Spanish and Portuguese Jews
Dor Daim and other Yemenite talmide ha-Rambam like to compare themselves to the Spanish and Portuguese Jews, and think of them as "the other Rambam Jews". This is largely because of their shared scepticism about the Zohar. The resemblance has however been exaggerated.
Spanish and Portuguese Jews preserve an early form of the Sephardic liturgy from before the expulsion from Spain, which reflected some, but only very limited, influence from the Kabbalah and the Zohar. In the 16th and early 17th centuries they adopted a certain number of Lurianic observances in a piecemeal fashion, for example the Tu Bishvat seder. After the Sabbatai Zevi debacle these observances were largely dropped, because it was felt that Lurianic Kabbalah had contributed to the disaster. The arguments against the authenticity of the Zohar advanced by Jacob Emden and Leone di Modena were also influential. At the present day the general Spanish and Portuguese attitude to the Kabbalah is one of indifference rather than hostility. As Spanish and Portuguese communities act as hosts for Sephardi Jews of many other backgrounds, there would be no bar on individuals regarding Kabbalah more positively. In particular, the Lurianic Kabbalah had a following in the Jewish community of Livorno, which falls within the Spanish and Portuguese group but was the main point of contact between it and the Levantine Sephardim. The Spanish and Portuguese group's closest resemblance would therefore be not to Dor Daim but to mainstream Baladi Yemenites.
Spanish and Portuguese Jews admire Maimonides and identify with the Golden age of Jewish culture in Spain. However, they cannot be classified as "Rambamists" in the sense required, as their religious law is based squarely on the Bet Yosef of Joseph Caro, subject to certain liturgical customs peculiar to themselves. It could even be argued that they follow Caro more closely than any other group, as many other Sephardim, especially the eastern communities influenced by the Ben Ish Chai, regard Isaac Luria as having equal or even greater authority than Caro.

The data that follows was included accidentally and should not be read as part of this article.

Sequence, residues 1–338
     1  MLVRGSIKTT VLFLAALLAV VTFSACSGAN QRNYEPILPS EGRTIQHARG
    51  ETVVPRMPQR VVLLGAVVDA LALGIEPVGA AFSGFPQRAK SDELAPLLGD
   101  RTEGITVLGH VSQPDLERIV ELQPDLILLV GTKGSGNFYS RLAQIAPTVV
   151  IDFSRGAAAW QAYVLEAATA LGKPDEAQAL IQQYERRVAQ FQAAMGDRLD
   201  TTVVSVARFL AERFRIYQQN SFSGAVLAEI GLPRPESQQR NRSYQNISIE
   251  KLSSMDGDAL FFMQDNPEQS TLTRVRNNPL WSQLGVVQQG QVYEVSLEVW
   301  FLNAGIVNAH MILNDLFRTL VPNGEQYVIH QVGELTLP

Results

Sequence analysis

The above describes the attitude of traditional communities such as London and Amsterdam. In some newer communities, in particular among the followers of José Faur and Yaakov Oliveira, a more purist and principled attitude has evolved, which does place considerable emphasis on the Mishneh Torah; however they too accept the Shulchan Aruch as their authority on practical Jewish law.
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... for fuller list see Spanish and Portuguese Jewish prayer books) Venice edition, 1524 reproduced in photostat in Remer, Siddur and Sefer Tefillat Ḥayim, above (text reflects some Italian influence, not. 1950 Book of Prayer of the Spanish and Portuguese Jews’ Congregation, London (5 vols.) Oxford (Oxford University Press, Vivian Ridler), 5725 - 1965 (Hebrew and English since reprinted) Book of ...
... Sephardim History of the Jews in Spain Spanish Inquisition Alhambra Decree History of the Jews in Portugal Portuguese Inquisition Sephardic Jews in the Netherlands History ...
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